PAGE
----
Kozo Creations From Local Mulberry

gently pounded strand of kozo fiber

Kozo, the traditional Japanese paper fiber, comes from the same mulberry trees that dot our local landscapes as a mild invasive (our native red mulberry is the counterpart). My new papermaking friend, Lauren Bacchus, has been exploring fiber work with locally foraged fibers for some time. We had a sharing session and had a lot of fun with partially beaten kozo from branches we had harvested that day.

We cut the mulberry branches into manageable lengths and then cooked them in water with about a cup of my homemade “farmer’s lye.” (Water slowly run through hardwood ashes). Then we rinsed and stripped the bark off the central pith. After more soaking, we could pull off the brown outer bark and expose the white and green layers of the cambium.  Lauren showed me how she takes the broader pieces of cambium and gently pounds them on a hand beater surface to spread and delineate the individual fibers without destroying the strand. She explained that some cultures take these pieces and laminate them together into sheets.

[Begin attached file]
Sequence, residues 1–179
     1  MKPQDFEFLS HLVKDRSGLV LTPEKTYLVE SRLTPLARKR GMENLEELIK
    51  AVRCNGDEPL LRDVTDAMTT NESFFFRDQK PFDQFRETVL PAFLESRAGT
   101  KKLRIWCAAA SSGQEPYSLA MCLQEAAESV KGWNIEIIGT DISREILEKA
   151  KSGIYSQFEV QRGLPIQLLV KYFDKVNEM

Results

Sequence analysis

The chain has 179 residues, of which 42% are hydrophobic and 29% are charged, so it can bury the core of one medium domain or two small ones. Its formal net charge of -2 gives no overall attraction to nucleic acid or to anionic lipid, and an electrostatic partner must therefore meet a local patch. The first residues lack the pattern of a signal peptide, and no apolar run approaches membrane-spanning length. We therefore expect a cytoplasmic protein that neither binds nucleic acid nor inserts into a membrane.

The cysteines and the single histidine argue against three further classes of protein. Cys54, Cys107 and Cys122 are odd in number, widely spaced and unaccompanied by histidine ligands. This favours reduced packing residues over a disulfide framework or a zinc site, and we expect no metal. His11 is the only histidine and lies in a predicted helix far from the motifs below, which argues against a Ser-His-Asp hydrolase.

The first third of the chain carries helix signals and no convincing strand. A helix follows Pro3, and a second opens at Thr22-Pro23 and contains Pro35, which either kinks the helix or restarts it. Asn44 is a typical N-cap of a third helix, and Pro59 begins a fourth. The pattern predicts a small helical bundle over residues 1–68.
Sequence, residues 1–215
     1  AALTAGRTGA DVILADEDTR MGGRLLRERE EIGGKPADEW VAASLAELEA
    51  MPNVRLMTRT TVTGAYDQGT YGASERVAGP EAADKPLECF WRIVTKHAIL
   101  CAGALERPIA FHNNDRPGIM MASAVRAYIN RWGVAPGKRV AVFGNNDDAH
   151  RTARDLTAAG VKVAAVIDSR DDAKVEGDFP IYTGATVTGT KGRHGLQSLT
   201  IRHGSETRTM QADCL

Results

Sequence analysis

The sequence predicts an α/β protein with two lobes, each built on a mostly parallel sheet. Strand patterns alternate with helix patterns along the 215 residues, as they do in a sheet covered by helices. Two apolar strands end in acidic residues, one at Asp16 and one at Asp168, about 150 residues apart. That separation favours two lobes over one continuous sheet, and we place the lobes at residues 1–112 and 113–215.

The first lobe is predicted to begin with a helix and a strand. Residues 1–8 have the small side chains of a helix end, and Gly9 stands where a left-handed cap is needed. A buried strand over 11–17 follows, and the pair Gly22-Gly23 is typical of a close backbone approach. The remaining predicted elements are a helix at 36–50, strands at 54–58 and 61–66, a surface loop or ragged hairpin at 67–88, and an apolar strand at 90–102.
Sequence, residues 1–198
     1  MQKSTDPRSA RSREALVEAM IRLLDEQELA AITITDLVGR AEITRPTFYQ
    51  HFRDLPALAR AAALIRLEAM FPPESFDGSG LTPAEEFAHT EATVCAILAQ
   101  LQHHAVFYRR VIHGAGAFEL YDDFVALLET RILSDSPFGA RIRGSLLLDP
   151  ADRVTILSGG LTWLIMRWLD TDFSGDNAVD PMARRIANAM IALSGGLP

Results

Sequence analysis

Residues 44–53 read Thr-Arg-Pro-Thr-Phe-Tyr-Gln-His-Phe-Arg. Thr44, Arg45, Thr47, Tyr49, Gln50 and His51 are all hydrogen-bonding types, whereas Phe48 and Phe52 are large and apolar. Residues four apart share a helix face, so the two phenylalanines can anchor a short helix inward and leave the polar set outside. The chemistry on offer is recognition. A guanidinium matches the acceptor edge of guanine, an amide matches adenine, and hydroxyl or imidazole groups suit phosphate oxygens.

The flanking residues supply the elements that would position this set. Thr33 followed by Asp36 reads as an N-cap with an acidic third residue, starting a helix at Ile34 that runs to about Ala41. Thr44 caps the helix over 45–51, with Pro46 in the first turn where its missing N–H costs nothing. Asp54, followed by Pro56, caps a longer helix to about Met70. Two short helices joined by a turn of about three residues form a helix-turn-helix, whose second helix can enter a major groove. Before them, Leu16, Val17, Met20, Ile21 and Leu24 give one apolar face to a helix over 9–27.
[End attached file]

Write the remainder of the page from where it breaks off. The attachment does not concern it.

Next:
Lauren also had a neat trick of pounding little ovals out of a strand of kozo – what a great inclusion object for a paper collages! Love this technique.

sheet of partially beaten kozo

We made a few sheets with the whole partially beaten fibers. It was amazing to see that our short beating session had indeed produced enough pulped fibers to make a sheet of “real” paper with the heavy inclusion of long fibers. I was ready to make some production paper!

After more extensive beating I cut up the kozo into blender-friendly lengths and used a blender mostly full of water to beat a few chunks at a time. After adding a little potato starch, the pulp was ready.

We had a great time, I got to have a big enough fire to make some bio char in tin cans, and it was a lovely warm winter day in Baird Cove. This was a great boost for my intentions to do more natural fiber work in the new studios. Add kozo to my current list of grown or foraged fibers in the studio: okra stems, heirlom green cotton, flax, hibiscus, yucca, iron weed, thistle down, wasp nests  and banana!

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